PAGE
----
Nevertheless, a range of hay feeders are now available from pet stores, or online, which can help to ensure your rabbit’s hay provision is not too loose or unwieldy.
Five Ideal Hay Types for Rabbits
The many different types of hay available, and its various methods of production, might surprise you. However, all hay is essentially dried grass, and it is a good idea to ensure your rabbit has a mixture of different types, as different forms of hay will benefit a rabbit’s digestion differently.
It is important to remember that hay and straw are not the same. Straw, which is far more yellow and shiny, as well as being hollow, does not offer the same nutritional benefits as hay, even if you do see your rabbit chewing it.
In comparison, hay consists of leaf-like stalks and stems. It has a duller color, which you will be familiar with from the dried grass cuttings you see when you have finished mowing the lawn.
Timothy hay will be easily recognizable to those who have owned rabbits, as it is a very common option. It is highly recommended for rabbits, although that doesn’t mean you should ignore other forms of hay. Rabbits can often be picky and will occasionally turn down some types of hay.
As with all quality hay, Timothy is high in fiber and low in protein, meaning your pet can graze to their heart’s content. Typically made up of a mixture of grass leaves and stems, the majority of Timothy hay options are organic and do not contain chemicals or pesticides.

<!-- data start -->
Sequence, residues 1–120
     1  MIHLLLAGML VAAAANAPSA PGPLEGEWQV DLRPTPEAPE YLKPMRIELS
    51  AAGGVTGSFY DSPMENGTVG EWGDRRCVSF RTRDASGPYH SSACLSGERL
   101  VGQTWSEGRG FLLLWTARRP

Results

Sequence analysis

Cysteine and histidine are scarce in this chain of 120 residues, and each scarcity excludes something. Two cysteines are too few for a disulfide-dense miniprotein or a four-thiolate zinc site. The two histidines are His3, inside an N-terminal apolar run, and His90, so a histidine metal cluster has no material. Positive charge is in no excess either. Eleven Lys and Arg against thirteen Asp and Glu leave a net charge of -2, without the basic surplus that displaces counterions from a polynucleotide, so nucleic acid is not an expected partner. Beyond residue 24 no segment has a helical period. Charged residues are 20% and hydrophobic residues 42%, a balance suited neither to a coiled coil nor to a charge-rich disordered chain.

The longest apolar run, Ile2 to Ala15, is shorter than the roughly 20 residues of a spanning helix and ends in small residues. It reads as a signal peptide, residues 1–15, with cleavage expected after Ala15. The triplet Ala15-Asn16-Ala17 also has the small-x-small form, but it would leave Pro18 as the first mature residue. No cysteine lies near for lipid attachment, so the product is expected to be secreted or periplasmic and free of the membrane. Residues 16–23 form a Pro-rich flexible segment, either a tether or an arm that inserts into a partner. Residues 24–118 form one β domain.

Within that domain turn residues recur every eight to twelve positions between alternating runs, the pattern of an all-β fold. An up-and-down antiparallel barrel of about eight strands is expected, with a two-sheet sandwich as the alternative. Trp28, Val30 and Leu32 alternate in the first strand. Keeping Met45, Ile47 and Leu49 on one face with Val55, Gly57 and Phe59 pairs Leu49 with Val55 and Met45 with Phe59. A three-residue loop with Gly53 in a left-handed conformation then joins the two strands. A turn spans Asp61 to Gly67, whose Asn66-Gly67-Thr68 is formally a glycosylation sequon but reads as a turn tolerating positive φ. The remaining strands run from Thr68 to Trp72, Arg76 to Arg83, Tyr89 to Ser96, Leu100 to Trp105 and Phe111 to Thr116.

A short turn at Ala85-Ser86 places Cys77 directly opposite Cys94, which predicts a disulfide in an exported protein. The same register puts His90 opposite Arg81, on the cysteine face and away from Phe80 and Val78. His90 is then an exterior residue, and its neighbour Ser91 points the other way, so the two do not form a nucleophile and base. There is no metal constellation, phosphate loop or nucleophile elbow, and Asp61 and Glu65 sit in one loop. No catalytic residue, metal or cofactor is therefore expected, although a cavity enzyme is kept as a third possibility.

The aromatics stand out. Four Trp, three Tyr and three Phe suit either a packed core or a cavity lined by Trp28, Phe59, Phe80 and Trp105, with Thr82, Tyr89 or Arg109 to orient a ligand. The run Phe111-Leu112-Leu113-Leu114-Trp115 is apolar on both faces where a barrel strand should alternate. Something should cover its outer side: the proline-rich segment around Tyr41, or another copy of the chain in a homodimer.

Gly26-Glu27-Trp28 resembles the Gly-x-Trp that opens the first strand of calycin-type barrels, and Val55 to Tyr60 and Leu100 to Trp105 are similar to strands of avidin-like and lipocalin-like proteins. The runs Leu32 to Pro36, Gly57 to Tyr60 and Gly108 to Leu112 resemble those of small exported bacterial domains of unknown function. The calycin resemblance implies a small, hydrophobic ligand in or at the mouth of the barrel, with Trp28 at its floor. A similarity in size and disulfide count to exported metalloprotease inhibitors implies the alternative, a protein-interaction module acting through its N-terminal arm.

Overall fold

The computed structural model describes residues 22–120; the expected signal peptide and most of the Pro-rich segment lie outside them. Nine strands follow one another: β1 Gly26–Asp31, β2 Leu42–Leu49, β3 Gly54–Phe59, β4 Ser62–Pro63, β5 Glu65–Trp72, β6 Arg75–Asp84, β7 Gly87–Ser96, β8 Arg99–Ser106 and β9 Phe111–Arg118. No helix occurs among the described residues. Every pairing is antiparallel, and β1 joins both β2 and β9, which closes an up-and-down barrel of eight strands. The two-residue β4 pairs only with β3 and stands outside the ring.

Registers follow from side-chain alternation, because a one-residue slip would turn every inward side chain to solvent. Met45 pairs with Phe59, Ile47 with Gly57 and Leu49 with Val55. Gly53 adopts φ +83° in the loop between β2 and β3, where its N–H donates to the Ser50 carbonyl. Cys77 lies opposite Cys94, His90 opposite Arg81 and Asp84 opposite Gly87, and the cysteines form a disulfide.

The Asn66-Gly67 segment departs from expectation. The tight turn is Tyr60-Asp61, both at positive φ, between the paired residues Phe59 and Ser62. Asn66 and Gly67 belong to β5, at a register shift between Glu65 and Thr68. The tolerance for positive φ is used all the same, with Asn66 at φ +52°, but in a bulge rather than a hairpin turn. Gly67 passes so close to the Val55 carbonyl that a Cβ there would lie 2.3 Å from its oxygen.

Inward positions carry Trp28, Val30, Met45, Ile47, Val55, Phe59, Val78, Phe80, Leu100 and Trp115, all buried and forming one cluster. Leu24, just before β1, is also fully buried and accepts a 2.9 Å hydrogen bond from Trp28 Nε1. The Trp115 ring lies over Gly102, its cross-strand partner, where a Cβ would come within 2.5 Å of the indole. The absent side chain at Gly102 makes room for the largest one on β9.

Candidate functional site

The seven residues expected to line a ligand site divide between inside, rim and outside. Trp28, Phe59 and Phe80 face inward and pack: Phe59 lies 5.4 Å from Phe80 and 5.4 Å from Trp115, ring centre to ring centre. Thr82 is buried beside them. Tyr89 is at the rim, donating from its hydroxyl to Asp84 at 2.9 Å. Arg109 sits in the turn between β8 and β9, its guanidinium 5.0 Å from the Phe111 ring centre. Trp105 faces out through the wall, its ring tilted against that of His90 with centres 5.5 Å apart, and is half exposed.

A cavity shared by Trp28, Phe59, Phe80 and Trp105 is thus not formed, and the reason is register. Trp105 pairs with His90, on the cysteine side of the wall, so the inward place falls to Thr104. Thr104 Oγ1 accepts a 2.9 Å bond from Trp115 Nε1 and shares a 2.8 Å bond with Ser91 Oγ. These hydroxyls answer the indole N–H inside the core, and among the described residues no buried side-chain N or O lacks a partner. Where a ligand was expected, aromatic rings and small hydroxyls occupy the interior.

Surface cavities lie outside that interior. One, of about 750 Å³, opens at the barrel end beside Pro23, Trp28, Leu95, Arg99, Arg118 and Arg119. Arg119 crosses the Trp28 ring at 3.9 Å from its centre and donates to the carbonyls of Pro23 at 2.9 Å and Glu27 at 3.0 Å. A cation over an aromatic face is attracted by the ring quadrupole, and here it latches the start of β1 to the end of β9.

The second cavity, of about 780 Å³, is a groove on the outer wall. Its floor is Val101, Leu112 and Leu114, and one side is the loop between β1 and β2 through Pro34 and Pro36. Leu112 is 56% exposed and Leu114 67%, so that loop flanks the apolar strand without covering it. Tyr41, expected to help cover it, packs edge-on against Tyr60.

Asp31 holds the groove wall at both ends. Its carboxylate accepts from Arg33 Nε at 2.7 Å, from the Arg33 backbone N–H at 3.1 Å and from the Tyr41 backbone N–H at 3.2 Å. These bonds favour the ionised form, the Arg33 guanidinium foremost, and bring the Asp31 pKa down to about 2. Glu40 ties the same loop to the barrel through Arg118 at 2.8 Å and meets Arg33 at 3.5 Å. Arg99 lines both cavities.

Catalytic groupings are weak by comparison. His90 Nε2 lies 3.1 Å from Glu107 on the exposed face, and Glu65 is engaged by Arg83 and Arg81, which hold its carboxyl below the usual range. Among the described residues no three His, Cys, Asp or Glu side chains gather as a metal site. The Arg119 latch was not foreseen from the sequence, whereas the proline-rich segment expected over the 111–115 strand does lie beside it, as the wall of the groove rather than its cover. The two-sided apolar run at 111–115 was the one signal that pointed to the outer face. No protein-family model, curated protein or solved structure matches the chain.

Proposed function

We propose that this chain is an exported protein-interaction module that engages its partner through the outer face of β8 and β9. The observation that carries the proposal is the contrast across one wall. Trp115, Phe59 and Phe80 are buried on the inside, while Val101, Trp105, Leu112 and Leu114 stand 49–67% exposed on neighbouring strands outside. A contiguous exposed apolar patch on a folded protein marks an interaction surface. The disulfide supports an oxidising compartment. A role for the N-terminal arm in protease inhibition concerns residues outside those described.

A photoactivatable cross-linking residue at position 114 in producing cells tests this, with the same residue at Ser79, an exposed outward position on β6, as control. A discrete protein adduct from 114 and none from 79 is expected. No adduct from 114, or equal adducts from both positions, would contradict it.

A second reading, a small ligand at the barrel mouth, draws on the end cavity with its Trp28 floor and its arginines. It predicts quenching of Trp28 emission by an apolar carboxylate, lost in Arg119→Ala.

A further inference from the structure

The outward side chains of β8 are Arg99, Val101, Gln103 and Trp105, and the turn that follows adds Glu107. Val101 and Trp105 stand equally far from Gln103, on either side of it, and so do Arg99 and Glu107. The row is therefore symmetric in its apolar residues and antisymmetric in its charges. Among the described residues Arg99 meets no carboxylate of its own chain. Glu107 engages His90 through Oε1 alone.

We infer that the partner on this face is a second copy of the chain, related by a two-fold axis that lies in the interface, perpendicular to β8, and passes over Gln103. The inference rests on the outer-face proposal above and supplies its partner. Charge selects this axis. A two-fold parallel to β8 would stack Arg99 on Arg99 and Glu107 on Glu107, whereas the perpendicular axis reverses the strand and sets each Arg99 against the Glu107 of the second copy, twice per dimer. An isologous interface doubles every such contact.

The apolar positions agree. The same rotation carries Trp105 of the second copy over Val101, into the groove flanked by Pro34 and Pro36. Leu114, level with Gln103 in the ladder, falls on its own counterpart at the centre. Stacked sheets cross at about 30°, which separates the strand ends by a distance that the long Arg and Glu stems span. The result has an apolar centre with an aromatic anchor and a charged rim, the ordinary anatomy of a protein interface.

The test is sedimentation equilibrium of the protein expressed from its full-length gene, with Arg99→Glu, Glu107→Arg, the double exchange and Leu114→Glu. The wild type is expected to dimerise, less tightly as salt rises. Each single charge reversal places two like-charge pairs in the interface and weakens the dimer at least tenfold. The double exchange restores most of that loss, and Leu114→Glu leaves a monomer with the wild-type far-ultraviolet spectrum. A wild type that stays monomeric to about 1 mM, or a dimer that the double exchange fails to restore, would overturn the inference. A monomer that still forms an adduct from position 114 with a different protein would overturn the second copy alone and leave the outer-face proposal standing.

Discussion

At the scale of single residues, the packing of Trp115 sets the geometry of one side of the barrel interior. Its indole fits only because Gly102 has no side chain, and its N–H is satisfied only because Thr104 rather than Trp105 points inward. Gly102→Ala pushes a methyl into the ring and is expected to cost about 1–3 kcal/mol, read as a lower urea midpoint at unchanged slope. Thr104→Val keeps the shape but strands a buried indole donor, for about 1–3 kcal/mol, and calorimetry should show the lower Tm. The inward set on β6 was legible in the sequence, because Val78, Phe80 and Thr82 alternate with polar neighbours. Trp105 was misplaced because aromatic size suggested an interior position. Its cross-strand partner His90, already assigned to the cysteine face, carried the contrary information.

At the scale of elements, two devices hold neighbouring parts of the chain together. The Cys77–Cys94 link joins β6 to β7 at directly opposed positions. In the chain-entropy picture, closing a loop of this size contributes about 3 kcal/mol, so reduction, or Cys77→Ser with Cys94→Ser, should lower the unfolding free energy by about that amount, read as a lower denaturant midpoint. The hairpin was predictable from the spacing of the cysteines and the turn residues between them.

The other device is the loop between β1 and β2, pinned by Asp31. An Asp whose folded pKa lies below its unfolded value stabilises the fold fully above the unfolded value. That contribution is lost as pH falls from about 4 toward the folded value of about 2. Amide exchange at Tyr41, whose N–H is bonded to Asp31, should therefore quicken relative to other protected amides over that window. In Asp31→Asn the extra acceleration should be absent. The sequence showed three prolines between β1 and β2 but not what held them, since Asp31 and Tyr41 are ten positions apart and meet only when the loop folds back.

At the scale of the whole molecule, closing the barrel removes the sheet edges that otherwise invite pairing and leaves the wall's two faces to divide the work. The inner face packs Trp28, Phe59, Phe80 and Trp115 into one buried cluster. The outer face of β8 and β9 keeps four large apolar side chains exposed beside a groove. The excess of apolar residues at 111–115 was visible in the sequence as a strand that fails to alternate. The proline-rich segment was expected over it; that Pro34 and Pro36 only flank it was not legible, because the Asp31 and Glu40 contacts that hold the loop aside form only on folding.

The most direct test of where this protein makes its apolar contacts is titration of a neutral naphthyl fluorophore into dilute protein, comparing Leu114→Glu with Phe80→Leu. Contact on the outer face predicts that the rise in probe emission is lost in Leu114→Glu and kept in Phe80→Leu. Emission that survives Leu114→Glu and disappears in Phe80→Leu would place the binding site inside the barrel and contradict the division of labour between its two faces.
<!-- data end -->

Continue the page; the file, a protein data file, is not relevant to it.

Compared to Timothy hay, orchard hay has a softer texture because it is gathered during cooler weather. The fiber and protein levels are similar to Timothy hay, but orchard hay contains more calcium. It is sweet-smelling and less harsh, and it can sometimes be the option that choosy rabbits will prefer.
Oat hay is another popular option that rabbits will happily chew on throughout the day. Oat hay has slightly less fiber and more protein. The product also contains more dried seed heads, which can be beneficial to your rabbit. Despite the extra protein, there’s no need to worry about this hay not being safe to eat. You may find that if your pet is not so keen on the Timothy variety, they will really take to oat hay.
As already mentioned, variety is good for your rabbit’s diet, and so meadow hay can be an ideal product as it really is a mixture of lots of different hay types.
Meadows have many different types of grasses, so your rabbit might enjoy a type it hasn’t had before. The mixture of grasses in meadow hay could mean that sometimes its quality varies, so it might still be better to rely on another brand for your rabbit’s overall diet but to blend this provision with some meadow hay as well.
Most pet stores will have a form of meadow hay available.
Another option is alfalfa hay. Owners with young rabbits may be advised to try this option, as it comes with additional calories and nutrients. Be aware, though, that it would be a mistake to continue feeding this to rabbits when they become adults. Switch to another variety at around seven months, or else risk too much protein and calcium getting into your rabbit’s diet.
Learn more about choosing the best hay / grass for you rabbit.